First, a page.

Rogue One: A Star Wars Story FILM REVIEW

January 6, 2017
4 mins read

Star Rating: 4.5/5


REBELLIONS ARE BUILT on hope and Rogue One: A Star Wars Story certainly brings about a new hope to the longevity and continuity of the Star Wars franchise. Directed by Gareth Edwards, Rogue One is an epic space adventure film set after Revenge of the Sith and acts as a lead up to the events in A New Hope, thereby being the link between the Star Wars prequel and original film trilogies.

Despite being a Star Wars film, Rogue One steps away from the traditional film tropes many fans are accustomed to. The film opens without an opening crawl and delves right into the main plot. This signifies quite clearly the nature of Rogue One as being detached from the Skywalker Saga that takes centre stage in previous iterations of Star Wars films.

As much as Rogue One sets itself apart as a stand- alone film, the plot is still very much within the continuity of the larger Star Wars story and centres on the Galactic Empire’s reveal of their all powerful and destructive weapon, the Death Star, which was destroyed by Luke Skywalker in A New Hope.

The film does a brilliant job of fitting seamlessly into the extended Star Wars universe while introducing new characters and ideas. The protagonists of the film – Jyn Erso (Felicity Jones) and her team of rogue rebels consisting of Rebel Alliance Intelligence Officer Cassian Andor (Diego Luna), Imperial Pilot Bodhi Rook (Riz Ahmed), Rebel-owned Imperial Enforcer Droid K2SO (Alan Tudyk), warrior Chirrut Îmwe (Donnie Yen) and freelance assassin Baze Malbus (Jiang Wen) – play a crucial part and work to bring about the eventual defeat of the Empire.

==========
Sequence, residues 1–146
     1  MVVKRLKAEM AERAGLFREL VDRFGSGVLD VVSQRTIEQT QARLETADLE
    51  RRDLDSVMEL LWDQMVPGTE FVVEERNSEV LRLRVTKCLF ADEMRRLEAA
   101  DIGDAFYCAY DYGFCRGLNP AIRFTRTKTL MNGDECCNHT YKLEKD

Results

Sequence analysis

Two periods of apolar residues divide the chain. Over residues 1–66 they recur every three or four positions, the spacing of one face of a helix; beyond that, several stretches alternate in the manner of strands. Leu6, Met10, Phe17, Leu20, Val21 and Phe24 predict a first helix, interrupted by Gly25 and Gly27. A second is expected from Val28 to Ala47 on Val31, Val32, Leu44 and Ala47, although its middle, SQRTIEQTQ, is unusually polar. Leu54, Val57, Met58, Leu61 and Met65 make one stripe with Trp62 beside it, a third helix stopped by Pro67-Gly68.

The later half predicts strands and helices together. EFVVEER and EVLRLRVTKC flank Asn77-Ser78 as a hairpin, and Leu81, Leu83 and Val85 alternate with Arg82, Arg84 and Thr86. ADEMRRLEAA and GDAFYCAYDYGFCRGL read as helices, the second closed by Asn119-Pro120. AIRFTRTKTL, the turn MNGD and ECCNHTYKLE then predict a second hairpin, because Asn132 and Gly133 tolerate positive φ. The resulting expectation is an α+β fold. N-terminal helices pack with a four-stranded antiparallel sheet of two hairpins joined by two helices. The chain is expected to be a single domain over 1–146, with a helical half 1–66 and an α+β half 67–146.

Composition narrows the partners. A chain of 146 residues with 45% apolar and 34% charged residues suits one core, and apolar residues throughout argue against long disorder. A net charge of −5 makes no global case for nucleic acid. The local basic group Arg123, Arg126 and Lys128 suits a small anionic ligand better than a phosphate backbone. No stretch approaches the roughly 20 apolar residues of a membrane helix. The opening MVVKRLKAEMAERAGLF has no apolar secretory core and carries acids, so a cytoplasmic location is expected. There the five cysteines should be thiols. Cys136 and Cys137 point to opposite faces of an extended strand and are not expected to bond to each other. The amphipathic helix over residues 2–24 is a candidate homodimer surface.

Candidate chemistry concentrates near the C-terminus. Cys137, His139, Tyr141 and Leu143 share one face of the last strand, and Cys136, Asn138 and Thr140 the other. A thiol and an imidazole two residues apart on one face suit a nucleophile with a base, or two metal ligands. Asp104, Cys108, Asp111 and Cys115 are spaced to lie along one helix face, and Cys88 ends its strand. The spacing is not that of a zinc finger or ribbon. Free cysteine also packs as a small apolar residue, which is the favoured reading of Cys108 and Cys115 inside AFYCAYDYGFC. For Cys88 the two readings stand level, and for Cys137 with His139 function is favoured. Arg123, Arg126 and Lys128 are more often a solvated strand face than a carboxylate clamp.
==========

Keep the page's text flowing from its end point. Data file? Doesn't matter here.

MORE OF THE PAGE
The end of George Lucas’ reign as director at the conclusion of Revenge Of The Sith marked the end of Star Wars for me. While Star Wars: The Force Awakens was a great film in its own right, it didn’t quite bring out the Star Wars nerd in me that the prequel and original trilogies did. Rogue One however, did so in a way that not only appealed to me as a present fan of Star Wars, but also instilled moments of nostalgia; of growing up watching the original trilogy with my father, over and over again.

First and foremost, the plot is sound and completely original. The Galactic Empire is fully formed with Darth Vader at the peak of his reign and the Rebel Alliance grasping at straws to defeat the Empire. Each character in the film is unique in their own right and especially likeable. Unlike previous films, there wasn’t even one unlikable character, and each has a role to play and does so effectively, which makes the film all the more enjoyable. Even the villain of the story, Director Orson Krennic (Ben Mendelsohn) is great as a corrupt man with tremendous aspirations for power. It was incredible seeing Grand Moff Wilhuff Tarkin (also known as Governor Tarkin) – depicted in the original trilogies by the late actor Peter Cushing – be brought back to life on screen completely through CGI graphics. Apart from slight robotic movements, which were barely noticeable, the character looks amazingly real, and the film’s clever use of CGI technology frequently had me on the edge of my seat.